Perhaps I reacted to this month’s Burwell General Store Recipe Swap recipe a little differently than most people. I was ready to cook up some carrots and bake a pie! Carrot pie sounded like another delicious variation of some of my favorite pies: pumpkin and sweet potato. Could carrot pie be even better because of what it has in common with carrot cake (my absolute favorite)?
I wanted to find out whether another orange vegetable would make a lovely, fall-flavored pie so I decided to stick closely to the original recipe. That turned out to be pretty easy, since the recipe was so vague that I didn’t have a rigid ingredient list to follow. It reads something like an oral history gathered by some culinary folklorist. Can I have that job, please?
I steamed “the carrots”, added them to milk and eggs, sweetened them with sugar, and added cinnamon for spice. That wasn’t all, of course. The full recipe is at the bottom of this post. My take on carrot pie includes ricotta cheese and allspice but no crust. I gave up baking custard pies in crust long ago. All I want is the filling so baking that in little ramekins or muffin cups makes dessert much more enjoyable to me.
Individual custard cups may not be quite as pretty as a whole pie and sometimes it’s nice to have some crunch with your silky-smooth filling. That’s where this bag of granola comes in!
I happened to have a bag of Cherry Berry Granola in my pantry from the NatureBox each blogger received as part of the Foodbuzz Festival gift bag. NatureBox delivers a monthly package of healthy snacks anywhere you need them (in the U.S.). They come in neat little resealable pouches and have already saved me from a snack black hole at least once. I love the dried fruit, nut mix, and Blueberry Almond Bites but I’m especially excited about the granola, since it’s on the light side – just how I like granola – with a good ratio of oats to whole almonds and dried berries.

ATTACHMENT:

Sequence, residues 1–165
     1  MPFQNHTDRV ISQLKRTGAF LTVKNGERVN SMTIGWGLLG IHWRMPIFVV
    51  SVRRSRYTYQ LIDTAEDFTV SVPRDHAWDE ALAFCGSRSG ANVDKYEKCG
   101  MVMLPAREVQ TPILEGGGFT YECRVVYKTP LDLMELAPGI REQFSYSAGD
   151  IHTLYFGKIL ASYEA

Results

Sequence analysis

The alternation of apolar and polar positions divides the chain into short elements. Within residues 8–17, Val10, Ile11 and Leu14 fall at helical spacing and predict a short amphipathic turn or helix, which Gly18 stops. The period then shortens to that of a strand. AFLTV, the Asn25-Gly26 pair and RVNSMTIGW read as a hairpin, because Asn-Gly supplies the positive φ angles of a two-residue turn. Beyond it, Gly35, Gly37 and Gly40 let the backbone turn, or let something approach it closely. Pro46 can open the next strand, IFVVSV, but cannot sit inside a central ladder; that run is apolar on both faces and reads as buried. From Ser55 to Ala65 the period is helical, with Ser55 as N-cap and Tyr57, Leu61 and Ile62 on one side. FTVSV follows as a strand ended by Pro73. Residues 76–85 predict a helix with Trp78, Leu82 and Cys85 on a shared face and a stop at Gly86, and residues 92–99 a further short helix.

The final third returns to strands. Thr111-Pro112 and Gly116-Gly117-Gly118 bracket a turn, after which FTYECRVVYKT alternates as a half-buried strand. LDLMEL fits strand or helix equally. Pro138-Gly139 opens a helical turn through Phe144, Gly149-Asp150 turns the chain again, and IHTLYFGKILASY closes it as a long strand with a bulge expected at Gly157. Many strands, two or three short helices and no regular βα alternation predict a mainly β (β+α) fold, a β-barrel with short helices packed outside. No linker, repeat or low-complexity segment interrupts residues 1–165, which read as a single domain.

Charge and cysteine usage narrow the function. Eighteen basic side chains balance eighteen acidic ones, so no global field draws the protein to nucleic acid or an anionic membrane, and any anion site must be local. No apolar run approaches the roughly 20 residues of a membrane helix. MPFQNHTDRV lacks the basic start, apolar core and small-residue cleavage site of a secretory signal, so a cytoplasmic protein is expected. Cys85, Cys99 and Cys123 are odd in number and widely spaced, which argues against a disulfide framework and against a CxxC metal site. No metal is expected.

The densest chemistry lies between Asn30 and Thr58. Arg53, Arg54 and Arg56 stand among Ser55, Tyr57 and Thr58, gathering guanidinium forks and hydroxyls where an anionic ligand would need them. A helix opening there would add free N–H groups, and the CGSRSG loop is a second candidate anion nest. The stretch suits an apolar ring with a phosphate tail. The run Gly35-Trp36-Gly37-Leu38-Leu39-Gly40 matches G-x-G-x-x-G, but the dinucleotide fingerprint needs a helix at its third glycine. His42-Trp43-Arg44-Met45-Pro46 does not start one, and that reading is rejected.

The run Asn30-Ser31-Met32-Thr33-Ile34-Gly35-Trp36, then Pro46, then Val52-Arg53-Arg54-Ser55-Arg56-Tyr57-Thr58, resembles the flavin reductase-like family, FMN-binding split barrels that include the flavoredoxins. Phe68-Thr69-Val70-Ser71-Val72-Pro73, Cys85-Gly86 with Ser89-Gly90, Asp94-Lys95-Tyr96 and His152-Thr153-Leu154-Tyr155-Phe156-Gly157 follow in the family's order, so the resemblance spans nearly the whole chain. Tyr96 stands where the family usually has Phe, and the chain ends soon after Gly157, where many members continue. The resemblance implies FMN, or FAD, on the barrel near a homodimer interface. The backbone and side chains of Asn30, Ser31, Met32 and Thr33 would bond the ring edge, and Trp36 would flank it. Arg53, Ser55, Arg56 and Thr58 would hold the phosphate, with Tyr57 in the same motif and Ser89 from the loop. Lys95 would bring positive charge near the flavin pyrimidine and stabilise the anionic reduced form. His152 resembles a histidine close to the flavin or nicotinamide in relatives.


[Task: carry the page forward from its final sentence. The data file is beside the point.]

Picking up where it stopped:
The crunchy granola was a perfect topping for my carrot custard, which was still warm and gooey when I snacked on it yesterday afternoon. It was reminiscent of pumpkin or sweet potato pie but with more substance, thanks to the ricotta cheese, and plenty of flavor from the vanilla bean and spices. Lee and I did a bike/run brick workout that morning so I snacked for the rest of the day. The rest of my little carrot pies went in the fridge for weeknight desserts.
If you’d like to try some healthy, convenient snacks for yourself, NatureBox has generously offered one of their future month’s boxes to one of my lucky readers! All you have to do is comment on this post telling my where and when you most need a snack during the day. The winner will be chosen at random from those comments. One entry per person, please. I will announce the winner in 1 week. At this time, NatureBox can only deliver to U.S. addresses and cannot customize box contents. Be sure to check out the NatureBox Blog for delicious recipes and snack ideas!
- 3 medium-sized carrots
- 1 cup ricotta cheese*
- 1/4 cup milk (dairy or non-dairy)
- 2 eggs
- 1/3 cup coconut sugar, brown sugar, or other sweetener of choice
- 1/4 teaspoon cinnamon
- 1/4 teaspoon allspice
- 1/4 teaspoon salt
- Seeds scraped from 1 vanilla bean or 1/2 teaspoon vanilla extract
- Preheat oven to 350 degrees F.
- Cut carrots into 1 inch chunks and steam until tender.
- Puree carrots in a food processor or using a hand blender.
- In a large bowl, beat the eggs.
- Add ricotta cheese, milk, sugar, spices, salt, and vanilla, stirring with a whisk until well blended.
- Add carrots and stir until combined.
- Pour batter into ramekins coated with a little oil or silicone muffin liners. Place these on a baking sheet.
- Bake at 350 for 30-40 minutes or until the center of each pie is solid and the edges begin to pull away from the dish.
- Cool on a wire rack until ready to eat.
- Pies may be served warm or chilled, topped with granola, cookie crumbs, or even whipped cream. If using muffin cups, you may remove pies form the cups before serving as long as they are significantly cooled.
* Yogurt or pureed tofu may be substituted for ricotta.